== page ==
The supermoon on Sunday night completely overshadowed the Perseid meteor shower. It was the biggest supermoon of this year. The moon appeared 30% brighter and 14% bigger than normal as it reached a point, called perigee, closest to the Earth in its orbit. At this point, the moon appeared larger than anything observed in the sky for decades.
You can view the supermoon again on September 9
The reason behind the hype around the August 10 supermoon was that it was the closest it has been to our planet in more than 20 years. An extremely bright supermoon was also seen on July 12. Another one will appear again on September 9, in case you missed the previous two. But Sunday night’s moon appeared far bigger and brighter because it became full in less than an hour of reaching the perigee point in its orbit.
The supermoons occur quite frequently, usually once every 13 months 18 days. But we can’t always notice them because of poor weather and clouds. An interesting thing about supermoons is that they are proven to increase sea levels on the Earth. That’s because the gravitational pull of them moon (Earth’s closest neighbor) rises as it inches closer.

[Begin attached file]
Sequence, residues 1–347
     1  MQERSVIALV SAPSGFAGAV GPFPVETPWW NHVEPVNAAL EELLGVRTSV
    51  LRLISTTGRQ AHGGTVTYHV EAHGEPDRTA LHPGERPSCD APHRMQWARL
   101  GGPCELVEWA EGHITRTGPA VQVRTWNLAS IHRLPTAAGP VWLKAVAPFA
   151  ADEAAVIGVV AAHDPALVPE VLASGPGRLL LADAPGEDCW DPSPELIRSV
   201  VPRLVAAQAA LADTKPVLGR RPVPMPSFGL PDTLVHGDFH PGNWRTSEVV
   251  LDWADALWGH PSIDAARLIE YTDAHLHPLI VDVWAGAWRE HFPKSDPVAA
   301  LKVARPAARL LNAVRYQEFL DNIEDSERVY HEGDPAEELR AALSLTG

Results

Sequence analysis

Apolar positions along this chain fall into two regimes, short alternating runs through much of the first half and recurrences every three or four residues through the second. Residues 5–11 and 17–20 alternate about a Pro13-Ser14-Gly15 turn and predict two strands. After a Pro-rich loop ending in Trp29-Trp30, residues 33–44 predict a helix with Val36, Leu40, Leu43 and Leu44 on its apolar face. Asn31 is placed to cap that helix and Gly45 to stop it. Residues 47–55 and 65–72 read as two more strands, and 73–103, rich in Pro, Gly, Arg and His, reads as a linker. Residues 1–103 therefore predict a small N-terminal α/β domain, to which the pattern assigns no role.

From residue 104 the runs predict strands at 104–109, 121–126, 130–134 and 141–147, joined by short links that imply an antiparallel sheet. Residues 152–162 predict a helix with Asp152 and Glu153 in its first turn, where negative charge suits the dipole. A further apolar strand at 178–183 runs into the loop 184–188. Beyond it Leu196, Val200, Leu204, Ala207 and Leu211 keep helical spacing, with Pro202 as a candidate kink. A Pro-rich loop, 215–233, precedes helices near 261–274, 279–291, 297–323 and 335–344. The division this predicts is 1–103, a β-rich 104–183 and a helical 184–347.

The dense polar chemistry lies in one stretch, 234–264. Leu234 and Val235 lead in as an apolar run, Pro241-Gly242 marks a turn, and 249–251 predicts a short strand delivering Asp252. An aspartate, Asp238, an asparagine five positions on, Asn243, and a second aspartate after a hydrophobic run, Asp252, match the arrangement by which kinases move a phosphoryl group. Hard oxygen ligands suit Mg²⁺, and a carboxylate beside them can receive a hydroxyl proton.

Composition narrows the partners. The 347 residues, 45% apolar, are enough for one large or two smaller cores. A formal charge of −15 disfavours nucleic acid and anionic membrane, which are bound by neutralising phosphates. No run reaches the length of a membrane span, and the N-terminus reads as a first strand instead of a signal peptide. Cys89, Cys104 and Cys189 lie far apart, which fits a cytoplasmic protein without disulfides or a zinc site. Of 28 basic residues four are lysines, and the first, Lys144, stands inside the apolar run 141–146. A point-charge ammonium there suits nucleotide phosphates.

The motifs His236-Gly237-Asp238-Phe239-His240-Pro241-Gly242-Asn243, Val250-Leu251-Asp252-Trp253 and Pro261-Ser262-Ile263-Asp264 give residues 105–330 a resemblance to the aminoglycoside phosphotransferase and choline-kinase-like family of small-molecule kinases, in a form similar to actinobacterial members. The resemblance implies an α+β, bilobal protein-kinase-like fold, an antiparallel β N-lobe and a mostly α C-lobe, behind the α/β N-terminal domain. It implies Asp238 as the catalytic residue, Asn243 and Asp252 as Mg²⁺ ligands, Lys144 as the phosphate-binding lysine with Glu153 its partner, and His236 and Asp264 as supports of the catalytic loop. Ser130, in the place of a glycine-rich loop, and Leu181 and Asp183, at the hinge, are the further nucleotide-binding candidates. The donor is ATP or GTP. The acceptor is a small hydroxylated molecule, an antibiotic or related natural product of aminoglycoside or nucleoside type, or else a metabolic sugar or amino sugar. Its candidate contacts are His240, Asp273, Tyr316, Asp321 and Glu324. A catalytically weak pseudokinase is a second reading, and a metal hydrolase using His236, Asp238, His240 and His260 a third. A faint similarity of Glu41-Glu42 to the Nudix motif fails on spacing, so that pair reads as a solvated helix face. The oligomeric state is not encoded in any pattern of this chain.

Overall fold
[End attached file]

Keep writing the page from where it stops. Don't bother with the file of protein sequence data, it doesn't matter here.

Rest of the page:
Brightness of the supermoon drowns out the meteor shower
The Perseid meteor shower also occurred Sunday night. But it was drowned out in the brightness of the supermoon for most viewers. But Google Inc (NASDAQ:GOOGL) (NASDAQ:GOOG) celebrated the arrival of the annual celestial event with a Doodle. The homepage of the search engine showed shooting meteors against the backdrop of an ever-changing sky.
The Perseid meteor shower is so-called because it is believed to come from a radiant that lies in the constellation of Perseus. The constellation was named after a character in Greek mythology. It can be seen from mid-July every year, but the event is most prominent between August 9-14. The meteor shower has been linked to the comet Swift-Tuttle. The Perseid meteor shower was first discovered by Belgian astronomer Adolphe Quetelet in 1835.